Tonight, as we continue our series the "Wounds of War" about U.S. medical care in Iraq, we'll tell the amazing story of a 5-year-old Iraqi girl who came close to death and got a second chance at life due to the efforts of some very dedicated Americans. Two organizations played a big role in helping her -- the National Iraqi Assistance Center and the Shriners Hospitals. The Iraqi Assistance Center was set up and is run by the U.S. military to provide charity care to a few of the many in that nation who need it. For more than 85 years the Shriners have been providing care for needy children from around the world with orthopedic, burn or spinal cord problems. I urge anyone who wants to help to contact those organizations via their Web sites above.
Many will watch tonight's story and ask why the girl could not be transferred to an Iraqi hospital. Simply put, the Iraqi medical system is in shambles. In most places there is no such thing as rehabilitation, so in the overcrowded and understaffed hospitals it is, as one American doctor put it to me, "survival of the fittest." Many Iraqi doctors, because of sectarian killings and kidnappings or threats of them, have fled the country. U.S. efforts to help set up a functioning health care system have been plagued by corruption and mismanagement. In fact, earlier this month Deputy Health Minister Hakim al- Zamili was arrested and charged with funneling millions of dollars given for health care to insurgents. So as we share this one girl’s story tonight, I hope we remember the thousands of children injured in this war who get no second chance.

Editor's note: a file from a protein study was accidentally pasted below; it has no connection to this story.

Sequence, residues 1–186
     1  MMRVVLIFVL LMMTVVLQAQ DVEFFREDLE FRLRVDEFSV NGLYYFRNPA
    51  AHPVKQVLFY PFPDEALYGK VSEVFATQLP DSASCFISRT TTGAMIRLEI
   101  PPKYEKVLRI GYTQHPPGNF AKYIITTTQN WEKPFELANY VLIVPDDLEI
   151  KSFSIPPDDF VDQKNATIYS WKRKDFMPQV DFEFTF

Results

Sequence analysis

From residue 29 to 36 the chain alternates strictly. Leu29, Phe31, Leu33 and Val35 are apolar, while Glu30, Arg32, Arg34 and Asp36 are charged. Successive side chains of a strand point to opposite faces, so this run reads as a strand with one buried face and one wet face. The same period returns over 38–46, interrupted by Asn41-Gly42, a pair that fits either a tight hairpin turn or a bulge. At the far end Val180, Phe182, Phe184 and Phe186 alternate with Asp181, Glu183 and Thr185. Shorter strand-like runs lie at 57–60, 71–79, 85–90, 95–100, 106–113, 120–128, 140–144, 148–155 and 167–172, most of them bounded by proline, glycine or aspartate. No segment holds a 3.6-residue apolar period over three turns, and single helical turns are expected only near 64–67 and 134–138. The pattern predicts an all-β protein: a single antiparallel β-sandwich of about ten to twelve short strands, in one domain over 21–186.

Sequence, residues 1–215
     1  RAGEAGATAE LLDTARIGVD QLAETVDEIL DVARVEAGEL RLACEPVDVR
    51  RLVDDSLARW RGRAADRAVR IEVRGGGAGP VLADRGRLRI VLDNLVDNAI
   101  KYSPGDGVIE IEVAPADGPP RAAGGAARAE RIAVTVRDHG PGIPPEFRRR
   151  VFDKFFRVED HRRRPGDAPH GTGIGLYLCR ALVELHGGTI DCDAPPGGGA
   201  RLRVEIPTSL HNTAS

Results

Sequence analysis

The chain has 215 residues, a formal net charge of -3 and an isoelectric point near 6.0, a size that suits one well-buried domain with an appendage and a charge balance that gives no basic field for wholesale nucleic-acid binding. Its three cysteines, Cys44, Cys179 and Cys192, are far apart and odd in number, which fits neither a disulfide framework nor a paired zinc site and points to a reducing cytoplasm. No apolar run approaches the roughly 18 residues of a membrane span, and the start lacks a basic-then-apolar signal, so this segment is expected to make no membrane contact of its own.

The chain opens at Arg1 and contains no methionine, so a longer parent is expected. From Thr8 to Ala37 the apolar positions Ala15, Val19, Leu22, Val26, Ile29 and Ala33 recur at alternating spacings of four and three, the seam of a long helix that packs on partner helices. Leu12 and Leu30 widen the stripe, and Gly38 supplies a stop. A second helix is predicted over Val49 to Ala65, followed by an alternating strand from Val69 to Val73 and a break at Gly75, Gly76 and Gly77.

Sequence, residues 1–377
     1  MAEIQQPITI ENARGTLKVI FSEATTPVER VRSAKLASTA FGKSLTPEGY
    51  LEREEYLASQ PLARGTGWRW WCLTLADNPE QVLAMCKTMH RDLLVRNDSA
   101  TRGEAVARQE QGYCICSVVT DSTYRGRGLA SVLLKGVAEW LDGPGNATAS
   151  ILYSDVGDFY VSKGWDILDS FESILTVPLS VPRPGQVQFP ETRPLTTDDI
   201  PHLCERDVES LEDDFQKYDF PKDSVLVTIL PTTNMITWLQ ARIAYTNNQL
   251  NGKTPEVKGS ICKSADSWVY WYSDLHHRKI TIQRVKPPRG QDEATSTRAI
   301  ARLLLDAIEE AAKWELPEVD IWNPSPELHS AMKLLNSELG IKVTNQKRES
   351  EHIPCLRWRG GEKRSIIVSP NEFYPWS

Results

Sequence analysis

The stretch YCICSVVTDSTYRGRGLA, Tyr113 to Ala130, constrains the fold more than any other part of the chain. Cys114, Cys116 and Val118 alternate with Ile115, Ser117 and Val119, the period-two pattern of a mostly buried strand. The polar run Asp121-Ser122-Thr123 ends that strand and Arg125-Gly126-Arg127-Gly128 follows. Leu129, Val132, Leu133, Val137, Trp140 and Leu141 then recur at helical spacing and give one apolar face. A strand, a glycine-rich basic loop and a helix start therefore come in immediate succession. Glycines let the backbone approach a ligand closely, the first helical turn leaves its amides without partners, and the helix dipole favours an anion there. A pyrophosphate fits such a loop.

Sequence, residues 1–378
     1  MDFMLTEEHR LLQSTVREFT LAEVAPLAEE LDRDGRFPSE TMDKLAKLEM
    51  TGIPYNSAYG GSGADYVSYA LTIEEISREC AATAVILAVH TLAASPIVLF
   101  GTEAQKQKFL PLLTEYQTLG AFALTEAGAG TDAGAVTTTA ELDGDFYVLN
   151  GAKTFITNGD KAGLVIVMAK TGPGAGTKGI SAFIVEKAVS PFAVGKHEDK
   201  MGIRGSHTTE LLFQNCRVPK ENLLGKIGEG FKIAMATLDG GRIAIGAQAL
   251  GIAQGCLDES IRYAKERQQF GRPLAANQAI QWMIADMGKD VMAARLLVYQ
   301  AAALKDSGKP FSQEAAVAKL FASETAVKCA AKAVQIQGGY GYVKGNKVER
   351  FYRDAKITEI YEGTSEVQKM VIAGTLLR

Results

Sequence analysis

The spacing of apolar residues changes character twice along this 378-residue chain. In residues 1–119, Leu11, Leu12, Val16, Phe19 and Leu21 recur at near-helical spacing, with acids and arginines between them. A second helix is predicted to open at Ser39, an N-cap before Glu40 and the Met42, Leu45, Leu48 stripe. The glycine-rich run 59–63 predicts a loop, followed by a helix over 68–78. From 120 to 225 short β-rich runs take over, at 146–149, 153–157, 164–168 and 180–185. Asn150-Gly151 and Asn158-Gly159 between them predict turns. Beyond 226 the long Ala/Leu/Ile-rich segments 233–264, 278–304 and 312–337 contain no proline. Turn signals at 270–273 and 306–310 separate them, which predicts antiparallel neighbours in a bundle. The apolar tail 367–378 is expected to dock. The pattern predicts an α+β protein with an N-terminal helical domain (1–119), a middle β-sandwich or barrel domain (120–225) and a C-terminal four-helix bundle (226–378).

Tonight we begin a series on the treatment of the U.S. troops wounded in the Iraq war. In addition to the broadcast report, I wrote an article for the Health Section of MSNBC.com describing the overall medical care system in Iraq, and I blogged while on assignment and shooting this material. So I won’t write much more here today. But I want to take a little space to thank the people who traveled with me to Iraq. They take the risks and don’t get the credit I do. Craig White was the photographer, Susan Becerra did the sound and engineering, and Kevin Monahan was the field producer. Jane Derenowski and Maggie Kassner did not go to Iraq, but did a terrific job of editing in New York, as did M.L. Flynn, the senior producer. Thanks to these colleagues for helping me tell the story of the brave men and women who are so dedicated to treating the wounded soldiers of this war.